Dataset: Signaling. Conspicuousness (4/8)

Submitted by adminl on Thu, 01/13/2011 - 06:00

Data set 4/9 for the signaling dataset.

This is an abstract from 0Ingenta.

The global prevalence of red and black fruits has still not been explained. Hypotheses based on innate consumer preferences have been tested and rejected. Though

1colour itself plays an important role in animal foraging, it is only one component of signals. Another major component are colour contrasts against background achieving the conspicuousness of signals. In order to evaluate which signal component determines consumers behaviour, we measured fruit colour and colour contrasts of 43 species against their natural background under ambient light conditions. Red and black fruits exhibit stronger contrasts and are therefore more conspicuous to consumers than fruits of other colours. Subsequently, trials were carried out to determine whether colour or conspicuousness influences avian food choice. Four bird species strongly preferred contrasting red-green or black-green over uni-coloured red, green, or black fruit displays, while no preference for particular hues was found. We therefore hypothesize that conspicuousness determines avian food selection and define the contrast hypothesis: 2 Diurnal dispersers select fruit colours based on their conspicuousness and not their colour itself. 3.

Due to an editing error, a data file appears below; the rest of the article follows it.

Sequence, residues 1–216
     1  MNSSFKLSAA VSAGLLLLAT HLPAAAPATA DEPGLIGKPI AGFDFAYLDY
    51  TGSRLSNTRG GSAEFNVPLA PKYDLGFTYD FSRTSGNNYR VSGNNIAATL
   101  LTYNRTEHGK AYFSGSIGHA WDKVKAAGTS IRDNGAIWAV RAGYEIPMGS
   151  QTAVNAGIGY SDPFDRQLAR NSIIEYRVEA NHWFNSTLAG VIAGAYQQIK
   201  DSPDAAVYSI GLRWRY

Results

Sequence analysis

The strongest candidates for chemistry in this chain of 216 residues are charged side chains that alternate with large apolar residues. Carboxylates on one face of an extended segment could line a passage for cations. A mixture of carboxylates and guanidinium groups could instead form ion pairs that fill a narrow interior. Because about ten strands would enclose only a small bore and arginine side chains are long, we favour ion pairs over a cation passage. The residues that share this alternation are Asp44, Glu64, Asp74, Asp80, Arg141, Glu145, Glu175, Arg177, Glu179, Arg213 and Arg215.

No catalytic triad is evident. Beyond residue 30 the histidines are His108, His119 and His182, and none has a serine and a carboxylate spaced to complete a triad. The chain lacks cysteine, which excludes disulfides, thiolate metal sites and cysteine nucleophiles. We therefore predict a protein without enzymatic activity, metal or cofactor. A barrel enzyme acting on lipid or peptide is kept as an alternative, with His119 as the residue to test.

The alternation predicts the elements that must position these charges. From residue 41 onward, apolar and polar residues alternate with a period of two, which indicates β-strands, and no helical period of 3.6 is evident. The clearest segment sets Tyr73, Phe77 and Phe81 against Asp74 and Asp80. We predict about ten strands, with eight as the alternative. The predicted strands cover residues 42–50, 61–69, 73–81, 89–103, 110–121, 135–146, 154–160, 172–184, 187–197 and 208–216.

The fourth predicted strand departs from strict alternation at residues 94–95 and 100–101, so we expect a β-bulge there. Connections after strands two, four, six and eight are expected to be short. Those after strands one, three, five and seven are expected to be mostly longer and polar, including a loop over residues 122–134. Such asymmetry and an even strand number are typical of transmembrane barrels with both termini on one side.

Because colour vision is an ancient trait, the entire heterogeneous group of frugivorous birds most likely perceives conspicuousness uniformly over evolutionary time spans. Conspicuousness has thus the potential to explain the global prevalence of red and black fruits.